U.S. Gymnast Jordyn Wieber Cries After Failing to Qualify

Five-Ring Circus
A Blog About the Olympic Games
July 30 2012 1:33 PM

Jordyn Wieber Cried. What a Baby. 

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Jordyn Wieber, right, and Alexandra Raisman at the AT&T American Cup in New York in March

Photo by Timothy A. Clary/AFP/Getty Images.

Last night’s Olympic drama revolved around the fate of U.S. gymnast Jordyn Wieber, the reigning world champion. Wieber’s scores did not qualify her for the individual all-around finals. Instead, her teammates, Aly Raisman and Gabby Douglas, both less celebrated, will advance. As she watched her scores come up, Wieber looked up with big brown eyes that instantly filled up with tears, and then she tried to turn away from the cameras long enough to regain her composure.

Hanna Rosin Hanna Rosin

Hanna Rosin is the founder of DoubleX and a writer for the Atlantic. She is also the author of The End of Men. Follow her on Twitter.

The New York Times described the moment this way:

When the 17-year-old Wieber—who has been described on different occasions as steady as a rock, as sure as a machine and as mentally tough as the great Nadia Comaneci—learned she was the odd woman out, she burst into tears.
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There’s an alternate storyline forming here, aided by the announcers who described the Russian gymnasts as having “no shortage of diva moments—a lot of crying.” In the weeks leading up to the Olympics, we often discuss how tough these female athletes are: the trash-talking boxers, the pregnant Malaysian shooter. But then invariably one of them—usually a gymnast or an ice skater in winter—will shed a tear, and the commentators will wink and remind us all that deep down they are just little girls, or divas, or at least not quite as tough as they appear.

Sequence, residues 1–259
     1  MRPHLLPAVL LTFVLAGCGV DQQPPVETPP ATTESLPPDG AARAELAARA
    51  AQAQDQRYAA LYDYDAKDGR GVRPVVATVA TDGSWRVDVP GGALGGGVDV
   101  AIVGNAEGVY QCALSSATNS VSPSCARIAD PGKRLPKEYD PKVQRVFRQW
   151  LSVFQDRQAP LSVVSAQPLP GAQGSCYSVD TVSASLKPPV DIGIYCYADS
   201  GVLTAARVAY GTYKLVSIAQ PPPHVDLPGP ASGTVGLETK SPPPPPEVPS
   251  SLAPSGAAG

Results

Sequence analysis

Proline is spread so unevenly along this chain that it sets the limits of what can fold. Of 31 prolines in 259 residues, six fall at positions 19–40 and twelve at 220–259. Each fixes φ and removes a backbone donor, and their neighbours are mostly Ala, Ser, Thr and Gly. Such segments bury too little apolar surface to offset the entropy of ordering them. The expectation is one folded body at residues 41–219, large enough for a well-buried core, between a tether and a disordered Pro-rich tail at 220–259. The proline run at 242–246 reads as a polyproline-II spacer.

In fact, what struck me most about Wieber’s reaction was how quickly she recovered, got it together for the cameras, and did the right thing, which was to congratulate her teammates and wish the team the best. Team gymnastics demands the impossible from these young girls. They have to strive for their own glory and at the same time suppress their egos on behalf of the team. Many less mentally tough gymnasts have fallen apart over that psychologically punishing demand. But Wieber could not have been more poised and generous. As famed coach Bela Karolyi said later, “I hope she is going to get the composure like she always does. But you know, [they] are human beings. You never know how they’re going to be.”*

Right, human beings, not little girls. Maybe Wieber’s great accomplishment last night was to normalize crying after a crushing result, so it won’t be something only divas do.

Correction: This post previously stated that Bela Karolyi was Wieber's coach.

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